Start trees off with proper planting
10/09/2013 2:53 PM
10/09/2013 2:53 PM
If you’ve lost trees to the drought or one of our other weather spectaculars or disease, or you just want to help rebuild the canopy we’re collectively losing, fall is a great time to replant many types of trees.
“The nights are cool, and the soil is warm,” said Jason Griffin, director of the K-State horticulture research center in Haysville.
As of this weekend, the nights are cold, and tender plants should be covered or brought into the garage till the cold spell passes. While the days still hold onto warmth, make the rounds of existing trees to make sure they’re watered well going into winter. Use a dowel to make sure they’re watered at least 10 inches down, Ward Upham of K-State said. You may need to water on warm days in winter, too, if it’s dry.
Most trees do better planted in the fall than in the spring – fall root growth gives them a head start on getting established, helping them withstand the stresses of next summer, Upham said. But it’s better to wait until spring to plant trees that don’t experience appreciable root growth in fall, he said. Those include beech, birch, redbud, magnolia, tulip poplar, willow oak, scarlet oak, black oak, willow and dogwood.
It also may be a good idea at this point to wait until spring to plant evergreens. They need at least six weeks before the ground freezes for their roots to become established, Upham said. While I certainly hope we’re well within that window, evergreens need to be watered through a dry winter even more than trees that lose their leaves do, so if we have another mild winter that also is dry, the evergreens could be at risk.
The main reason I like to plant trees in the fall is that they’re around to look at during the winter. This is the same reason we don’t cut down ornamental grasses or the interesting seed heads of perennials until early spring.
Fall-planted trees require some special care, Upham said. “Roots are actively growing even though the top is dormant. Make sure the soil stays moist but not soggy. This may require watering not only in the fall but also during the winter if we experience warm spells that dry the soil. Mulch minimizes moisture loss and slows the cooling of the soil so root growth continues as long as possible.”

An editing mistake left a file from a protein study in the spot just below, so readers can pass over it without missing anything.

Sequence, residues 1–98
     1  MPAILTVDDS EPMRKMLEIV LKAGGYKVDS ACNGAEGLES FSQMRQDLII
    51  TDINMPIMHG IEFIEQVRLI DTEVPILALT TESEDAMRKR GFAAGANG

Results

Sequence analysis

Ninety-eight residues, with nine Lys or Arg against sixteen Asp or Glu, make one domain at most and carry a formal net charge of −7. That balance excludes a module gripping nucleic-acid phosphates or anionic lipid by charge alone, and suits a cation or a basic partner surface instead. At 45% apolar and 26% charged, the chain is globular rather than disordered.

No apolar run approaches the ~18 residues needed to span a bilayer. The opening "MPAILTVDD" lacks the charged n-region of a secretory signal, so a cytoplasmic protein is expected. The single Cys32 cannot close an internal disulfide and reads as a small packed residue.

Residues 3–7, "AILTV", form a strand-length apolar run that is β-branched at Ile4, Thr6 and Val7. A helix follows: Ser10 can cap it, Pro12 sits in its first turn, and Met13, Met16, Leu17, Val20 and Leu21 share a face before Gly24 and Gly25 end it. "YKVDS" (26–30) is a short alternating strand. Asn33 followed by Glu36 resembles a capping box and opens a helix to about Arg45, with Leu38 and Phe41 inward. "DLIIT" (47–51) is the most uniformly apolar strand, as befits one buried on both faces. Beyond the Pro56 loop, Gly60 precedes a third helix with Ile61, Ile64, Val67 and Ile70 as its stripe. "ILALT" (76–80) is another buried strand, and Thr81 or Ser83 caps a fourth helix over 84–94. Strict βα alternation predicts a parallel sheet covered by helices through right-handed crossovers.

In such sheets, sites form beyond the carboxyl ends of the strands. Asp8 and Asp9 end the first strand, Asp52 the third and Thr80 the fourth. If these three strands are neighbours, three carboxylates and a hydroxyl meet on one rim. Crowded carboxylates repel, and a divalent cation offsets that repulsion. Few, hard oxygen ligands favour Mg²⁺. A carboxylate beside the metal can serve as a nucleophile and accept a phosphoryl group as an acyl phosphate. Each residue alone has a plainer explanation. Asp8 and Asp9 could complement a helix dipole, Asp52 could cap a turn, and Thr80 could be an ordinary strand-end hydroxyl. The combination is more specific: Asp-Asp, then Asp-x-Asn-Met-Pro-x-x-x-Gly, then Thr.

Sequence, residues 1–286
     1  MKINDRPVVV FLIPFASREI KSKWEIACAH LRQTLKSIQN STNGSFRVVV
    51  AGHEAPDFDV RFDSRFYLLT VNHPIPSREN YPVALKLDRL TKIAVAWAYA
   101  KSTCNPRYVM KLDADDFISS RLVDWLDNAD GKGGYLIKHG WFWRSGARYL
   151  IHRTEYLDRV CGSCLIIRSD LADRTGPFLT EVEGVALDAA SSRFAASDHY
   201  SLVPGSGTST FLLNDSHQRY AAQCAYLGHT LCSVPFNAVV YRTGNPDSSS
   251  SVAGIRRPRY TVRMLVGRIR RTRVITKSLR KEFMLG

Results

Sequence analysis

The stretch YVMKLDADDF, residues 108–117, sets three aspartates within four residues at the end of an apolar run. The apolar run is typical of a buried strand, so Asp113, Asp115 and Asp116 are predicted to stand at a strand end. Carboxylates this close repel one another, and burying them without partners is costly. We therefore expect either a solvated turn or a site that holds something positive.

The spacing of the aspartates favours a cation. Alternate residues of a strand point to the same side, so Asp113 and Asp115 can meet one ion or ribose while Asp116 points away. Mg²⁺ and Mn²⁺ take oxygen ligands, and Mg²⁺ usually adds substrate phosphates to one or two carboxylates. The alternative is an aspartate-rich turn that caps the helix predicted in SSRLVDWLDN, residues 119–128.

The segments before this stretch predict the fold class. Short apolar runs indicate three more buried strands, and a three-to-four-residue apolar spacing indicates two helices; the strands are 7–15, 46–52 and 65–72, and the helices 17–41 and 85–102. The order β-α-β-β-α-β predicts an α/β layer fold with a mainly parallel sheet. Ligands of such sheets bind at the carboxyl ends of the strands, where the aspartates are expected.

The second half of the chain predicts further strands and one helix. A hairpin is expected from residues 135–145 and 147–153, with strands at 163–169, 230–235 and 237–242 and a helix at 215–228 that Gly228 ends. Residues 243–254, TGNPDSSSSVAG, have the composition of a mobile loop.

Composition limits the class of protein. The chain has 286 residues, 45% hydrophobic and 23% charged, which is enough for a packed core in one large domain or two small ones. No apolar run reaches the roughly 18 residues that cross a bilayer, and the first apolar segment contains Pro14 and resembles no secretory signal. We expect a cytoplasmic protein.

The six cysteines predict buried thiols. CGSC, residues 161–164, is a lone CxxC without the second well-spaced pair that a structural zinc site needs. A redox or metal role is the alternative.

I asked Griffin to give us the latest guidelines on planting trees. Here are the updated how-tos:
How to plant a tree
1. Dig a hole twice as wide as the root ball and no deeper than the root ball.
2. If the tree is in a container, free the tree from the container by pushing in on the sides, and lift the tree by the root ball, not by the trunk, to place it in the hole. Using a pocket knife, slice through the sides of the root ball to free any roots that are starting to circle the tree.
If the tree is balled and burlapped, cut away the twine and cut off the top of the burlap. If a wire basket is holding the root ball together, use wire cutters to remove the top half of the basket.
3. Fill the hole one-third full of the soil that was dug from the hole. If the soil is extremely heavy clay or pure sand, mix in organic matter such as compost. Stand away from the hole and make sure the tree is straight.
4. Turn on the hose to a pencil-wide stream of water and let it run in the hole until it is half full of water. Let the water settle the soil.
5. Resume filling the hole with soil until it is full.
6. Place organic mulch in a ring around the tree, mounding it 2 to 4 inches and keeping it from matting around the trunk. The wider the better when it comes to mulch rings, but it should at least cover the planting hole.
7. Water the tree thoroughly across the entire mulch ring. Don’t fertilize.
8. Stake the tree if it’s in a windy site to anchor the root ball so that roots will get established. Place the stake at a southwest angle. Make sure ties will not cut into the trunk. Remove the stake after one growing season.
9. Water the tree once a week until the leaves drop off if rain is lacking, twice a week if it’s in sandy, well-drained soil. Once the leaves drop, a monthly watering (if there is no rainfall) when the soil is not frozen will help a newly planted tree. (If the tree is in an irrigated part of the lawn, you probably can reduce watering frequency.)
If you’re going deep with a tree spade, call Kansas One Call before planting or setting fence to avoid hitting any utility lines. The number is 811.
A reader also wrote to ask how to handle neighbors’ trees that encroach on his property. According to the city of Wichita’s Neighborhood Resource Guide, property owners should work it out between themselves unless a tree presents a hazard. In that case, they can consult the city.
About Annie Calovich
Annie writes about home and garden, including her Bit of Earth column on Saturdays. She has been at The Eagle since 1985, working as a copy editor, a nation/world editor and a reporter. She’s a KU graduate who started out at The Coffeyville Journal.
Contact Annie at 316-268-6596 or email@example.com
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